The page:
Notes and Editorial Reviews
Piano Concertos: No. 6; No. 8,
Angela Hewitt (pn, cond); Mantova CO
HYPERION 67840 (75:23)
Might this be the beginning of a complete cycle of Mozart’s piano concertos performed by Angela Hewitt? One can’t be blamed for hoping so; but unless and until it’s a certainty, there’s no point in getting too excited because these are among Mozart’s early piano concertos and, as
delightful as they are, still far from the masterpieces to come. They are not, however, juvenilia. The composer was 20 when he wrote the B?-Major and C-Major concertos in 1776, and 21 a year later when he wrote the E?-Major Concerto known as the “Jeunehomme,” probably the first of his piano concertos to gain a place in the standard repertoire.
As you no doubt already surmised, these are not performances aimed at the period-instrument audience. Hewitt, as usual, plays her magnificent Fazioli concert grand, and the Orchestra da Camera di Mantova is a modern-instrument chamber ensemble formed by Carlo Fabiano in 1981 and handpicked from among the best Italian and European players. Their numbers, however, are not small. A roster of personnel in the booklet lists a string body of 7:7:4:4:2, plus two flutes, two oboes, and two horns. That may be a few more strings than Mozart would have had at his disposal for the first of these two Salzburg concertos, which according to Hewitt’s own thoroughly researched program note would have been played not on a fortepiano (of which she says none existed in Salzburg at the time) but on a harpsichord. For K 238, Hewitt supplies her own cadenza, but she uses the last and most difficult in each of three sets of cadenzas Mozart supplied for K 246 and 271.
Hewitt goes to great lengths to separate fact from fiction surrounding K 271, the so-called “Jeunehomme” Concerto, especially with regard to how it got its name. The story of the misunderstood appellation is an interesting one, but you’ll have to buy the album to learn whodunit because it has no bearing on the music itself. What does have relevance is the consensus opinion that among Mozart’s piano concertos, K 271 is a boundary work, a clear divide between his early and mature styles. Not only is the E?-Major Concerto bigger in scale and more confident in stride, but, as Hewitt points out, based on the many dynamic markings, the keyboard part is now definitely written for the fortepiano and not a harpsichord.
One detects a slight contradiction here in Hewitt’s note, for even though K 271 represents a significant advance over the earlier concertos, Mozart was still in Salzburg in 1777 when he wrote it. So, (1) a fortepiano either suddenly showed up in Salzburg sometime between 1776 and 1777; (2) Hewitt is relying on hearsay when she mentions the absence of fortepianos in Salzburg; or (3) Mozart was looking beyond Salzburg to receive his latest concerto. And indeed we know that in that very year the composer took the concerto on tour with him to Mannheim, then on to Paris, and that he programmed it a number of times in Vienna during the 1780s.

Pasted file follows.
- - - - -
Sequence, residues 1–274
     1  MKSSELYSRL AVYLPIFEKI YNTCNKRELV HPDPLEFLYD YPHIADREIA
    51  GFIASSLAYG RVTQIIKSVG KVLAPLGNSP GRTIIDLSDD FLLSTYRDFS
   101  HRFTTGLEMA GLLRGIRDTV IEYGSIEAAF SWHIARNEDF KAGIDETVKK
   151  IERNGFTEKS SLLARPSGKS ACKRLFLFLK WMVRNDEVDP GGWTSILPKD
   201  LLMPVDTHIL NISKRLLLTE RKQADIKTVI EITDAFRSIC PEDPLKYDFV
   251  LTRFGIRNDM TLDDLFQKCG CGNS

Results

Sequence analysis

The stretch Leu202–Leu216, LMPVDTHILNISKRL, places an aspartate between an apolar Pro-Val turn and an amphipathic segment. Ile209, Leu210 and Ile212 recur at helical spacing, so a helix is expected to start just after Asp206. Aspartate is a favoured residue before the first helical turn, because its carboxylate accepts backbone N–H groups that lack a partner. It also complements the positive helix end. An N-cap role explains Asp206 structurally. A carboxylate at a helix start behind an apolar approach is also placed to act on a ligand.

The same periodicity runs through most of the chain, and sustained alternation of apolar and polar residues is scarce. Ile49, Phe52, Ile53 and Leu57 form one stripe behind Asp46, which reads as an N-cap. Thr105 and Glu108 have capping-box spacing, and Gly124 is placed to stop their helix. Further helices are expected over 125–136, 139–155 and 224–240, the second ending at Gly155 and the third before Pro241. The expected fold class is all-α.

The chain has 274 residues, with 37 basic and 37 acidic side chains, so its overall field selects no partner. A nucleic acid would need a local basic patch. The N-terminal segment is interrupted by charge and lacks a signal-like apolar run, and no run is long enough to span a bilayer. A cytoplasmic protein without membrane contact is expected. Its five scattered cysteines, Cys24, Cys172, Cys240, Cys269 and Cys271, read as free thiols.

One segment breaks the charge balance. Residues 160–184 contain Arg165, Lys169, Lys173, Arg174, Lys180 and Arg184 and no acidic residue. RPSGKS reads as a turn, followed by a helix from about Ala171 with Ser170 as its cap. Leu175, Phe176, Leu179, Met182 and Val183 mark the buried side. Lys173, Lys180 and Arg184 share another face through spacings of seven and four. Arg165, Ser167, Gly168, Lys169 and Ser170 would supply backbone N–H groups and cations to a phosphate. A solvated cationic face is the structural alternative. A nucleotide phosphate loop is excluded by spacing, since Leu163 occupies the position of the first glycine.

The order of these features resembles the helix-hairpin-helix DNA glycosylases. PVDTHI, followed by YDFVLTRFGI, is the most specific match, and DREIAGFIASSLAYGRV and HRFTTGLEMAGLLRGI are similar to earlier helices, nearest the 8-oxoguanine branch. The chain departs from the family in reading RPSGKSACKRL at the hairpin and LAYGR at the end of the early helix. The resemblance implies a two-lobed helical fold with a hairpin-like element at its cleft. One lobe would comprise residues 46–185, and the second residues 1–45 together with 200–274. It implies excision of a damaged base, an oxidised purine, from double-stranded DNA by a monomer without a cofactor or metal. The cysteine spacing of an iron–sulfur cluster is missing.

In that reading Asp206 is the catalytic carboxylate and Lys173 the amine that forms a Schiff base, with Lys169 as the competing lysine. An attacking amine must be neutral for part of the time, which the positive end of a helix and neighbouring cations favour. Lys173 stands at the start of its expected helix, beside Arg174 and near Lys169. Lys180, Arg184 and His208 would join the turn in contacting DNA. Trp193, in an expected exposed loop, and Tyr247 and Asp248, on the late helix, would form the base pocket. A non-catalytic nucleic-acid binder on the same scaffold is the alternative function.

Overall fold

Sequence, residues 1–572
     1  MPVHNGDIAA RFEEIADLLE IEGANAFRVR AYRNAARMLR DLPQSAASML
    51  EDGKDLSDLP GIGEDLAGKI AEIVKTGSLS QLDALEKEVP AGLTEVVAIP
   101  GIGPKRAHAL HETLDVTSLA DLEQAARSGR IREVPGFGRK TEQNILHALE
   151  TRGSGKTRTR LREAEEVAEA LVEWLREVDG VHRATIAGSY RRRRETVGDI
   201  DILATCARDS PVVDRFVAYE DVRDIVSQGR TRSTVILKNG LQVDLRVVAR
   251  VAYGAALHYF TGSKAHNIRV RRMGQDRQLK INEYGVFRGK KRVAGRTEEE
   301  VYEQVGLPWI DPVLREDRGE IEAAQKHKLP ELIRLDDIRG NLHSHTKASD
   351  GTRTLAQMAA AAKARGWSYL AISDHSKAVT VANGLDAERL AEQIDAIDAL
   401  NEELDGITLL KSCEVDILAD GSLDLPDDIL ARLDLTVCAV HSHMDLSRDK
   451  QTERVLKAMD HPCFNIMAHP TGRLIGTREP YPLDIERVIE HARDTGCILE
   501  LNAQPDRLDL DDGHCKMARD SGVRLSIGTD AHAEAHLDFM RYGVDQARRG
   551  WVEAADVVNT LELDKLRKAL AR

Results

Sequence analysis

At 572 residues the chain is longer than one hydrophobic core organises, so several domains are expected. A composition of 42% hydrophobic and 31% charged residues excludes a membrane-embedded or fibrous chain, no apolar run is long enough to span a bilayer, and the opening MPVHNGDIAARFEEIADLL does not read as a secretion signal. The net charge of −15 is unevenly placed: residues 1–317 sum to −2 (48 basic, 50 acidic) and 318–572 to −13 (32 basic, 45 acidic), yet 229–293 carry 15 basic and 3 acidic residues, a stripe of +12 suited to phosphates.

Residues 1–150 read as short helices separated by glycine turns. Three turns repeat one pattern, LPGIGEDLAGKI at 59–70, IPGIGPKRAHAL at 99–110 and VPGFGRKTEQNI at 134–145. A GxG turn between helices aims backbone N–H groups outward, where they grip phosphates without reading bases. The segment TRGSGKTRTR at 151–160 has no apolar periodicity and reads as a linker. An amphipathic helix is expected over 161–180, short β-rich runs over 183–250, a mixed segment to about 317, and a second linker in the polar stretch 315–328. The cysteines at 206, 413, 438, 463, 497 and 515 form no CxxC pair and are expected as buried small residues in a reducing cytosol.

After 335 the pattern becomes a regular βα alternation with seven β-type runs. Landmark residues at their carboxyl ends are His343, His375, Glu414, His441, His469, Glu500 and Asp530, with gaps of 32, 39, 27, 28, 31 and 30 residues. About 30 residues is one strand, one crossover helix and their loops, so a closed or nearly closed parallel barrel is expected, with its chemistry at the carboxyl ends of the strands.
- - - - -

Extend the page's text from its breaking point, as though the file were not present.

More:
Besides its enlarged scale and newly heightened rhetoric, the E?-Concerto is striking on at least a couple of other counts as well. For the first and last time, Mozart breaks with tradition by having the piano reply immediately to the orchestra’s opening bars instead of proceeding first with the usual orchestral exposition—an idea not lost on Beethoven. And for the unusually extended and intensely expressive Andantino—longer than the concerto’s first movement—Mozart moves to the relative minor key, C Minor. He would adopt this same scheme with an even darker emotional cast in his famous Sinfonia Concertante for Violin and Viola, K 364.
Hewitt, as usual, gives clear, bright-eyed accounts of all three works. Her fingerwork in fast passages is remarkable, less so perhaps for its speed, which is quite fleet, than for its resolve to leave no note behind. Each keystroke is important and given its proper due. Slow movements, which move along at a singing pace, are delivered with lyrical poise and grace.
It’s tempting perhaps to compare Hewitt to Mitsuko Uchida, who has distinguished herself in Mozart and has gained an enthusiastic following among many. But I’m probably not the right critic to make that comparison, for there’s always been something about Uchida’s approach to Mozart—and to Schubert, too—that I haven’t liked; for lack of a better term, I’ll call it a tendency to play on top of the notes instead of getting into them.
Of late, there has been a number of recommendable releases of Mozart’s piano concertos, a couple of recent CDs by Russian pianist Mikhail Voskresensky being one example. But I suppose my preference in this repertoire, until something better comes along, is for Murray Perahia’s self-conducted set or Brendel’s with Marriner and the Academy of Saint Martin in the Fields. That something better, or at least equal to them, may just be Angela Hewitt, but I wouldn’t want to make that call prematurely. Assuming this is the beginning of a complete concerto cycle, she has a ways to go. For now, though, very strongly recommended.
FANFARE: Jerry Dubins
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